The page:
The major political powers have entered a realm of scandal, suspicions, fracture and other problems. Political scientists and analysts conclude that parties, alongside the public, are experiencing a serious crisis which may lead to an unfortunate end, Lietuvos Žinios writes.
Recent times haven't been the best for parliamentary parties. After renewing itself and bringing a group of newcomers to Seimas, the Homeland Union – Lithuanian Christian Democrats (TS-LKD) have been dealt two blows this week: Tadas Langaitis, who is suspected by political oponents to have breached the Constitution in his dealings linked to a cryptocurrency company, relinquished his mandate as member of parliament in favour of business projects, while Mykolas Majauskas has been accused of sexual harassment.
The Lithuanian Social Democrat Party (LSDP) is also faced with one of the greatest crises in its history – in order to not cancel the coalition agreement with the "Farmers", a part of the veteran Social Democrat members left their party behind and are creating a new political power with Gediminas Kirkilas leading them.
Law enforcement is investigating the Liberal Movement under suspicions of political corruption in one of the largest cases of such to date. The Order and Justice Party has been in law enforcement crosshairs for alleged sale of influence for several years. The Lithuanian Farmers and Greens Union (LVŽS) remains embroiled in one scandal after another.
Two sides of the medal
Vytautas Magnus University professor Lauras Bielinis believes that it is necessary to talk about a crisis of political consciousness in the country, rather than one of parties. All that is currently happening with the major parties is due to two reasons. "On one hand, it is the irresponsible and dismissive party perception of the formation of political organisations, member selection and mobilisation to their ranks. Moral criteria were almost completely sidelined. On the other hand, the public itself views politics and political parties incredibly naively. Either with an emotional perception of "like-dislike" or led by fantastic expectations – everything will be granted or everything will be taken away, saved or taken revenge. As such, parties are viewed not as representatives of civic society, who organise state governance, but as saviours, avengers or entertainers. Thus it is natural that parties do not obtain the shape they should," the political scientist explained.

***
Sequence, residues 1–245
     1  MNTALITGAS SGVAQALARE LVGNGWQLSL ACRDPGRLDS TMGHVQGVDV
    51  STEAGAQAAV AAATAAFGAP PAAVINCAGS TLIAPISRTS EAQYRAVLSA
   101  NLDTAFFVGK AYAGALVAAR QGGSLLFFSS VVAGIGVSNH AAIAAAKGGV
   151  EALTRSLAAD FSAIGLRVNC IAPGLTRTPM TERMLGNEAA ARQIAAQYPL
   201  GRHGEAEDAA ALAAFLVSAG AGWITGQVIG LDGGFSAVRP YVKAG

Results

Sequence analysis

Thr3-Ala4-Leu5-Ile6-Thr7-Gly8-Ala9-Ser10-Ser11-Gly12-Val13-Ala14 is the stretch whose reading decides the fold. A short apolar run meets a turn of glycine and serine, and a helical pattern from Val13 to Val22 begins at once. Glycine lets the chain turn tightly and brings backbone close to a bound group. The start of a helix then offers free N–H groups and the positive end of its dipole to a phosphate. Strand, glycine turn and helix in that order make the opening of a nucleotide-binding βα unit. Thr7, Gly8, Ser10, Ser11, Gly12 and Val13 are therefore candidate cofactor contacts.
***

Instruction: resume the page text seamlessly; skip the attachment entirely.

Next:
Prior to the Seimas elections, the parties promised a new quality of politics, spoke about new people, professionals leading the country. Why did it not succeed? According to L. Bielinis, other than the aforementioned reasons, there are simpler ones – some things were done at the wrong time, inaccurately. He mentioned that when parties raise slogans that aren't completely rational, for example over the need for professionals in politics, they should view the selection of such professionals with responsibility. "However "professionals" are those, who are called such and not those who have professional skills. While the political parties claim that moral principles are very important, but then they apply double standards. These are not moral principles, just fraud," he said.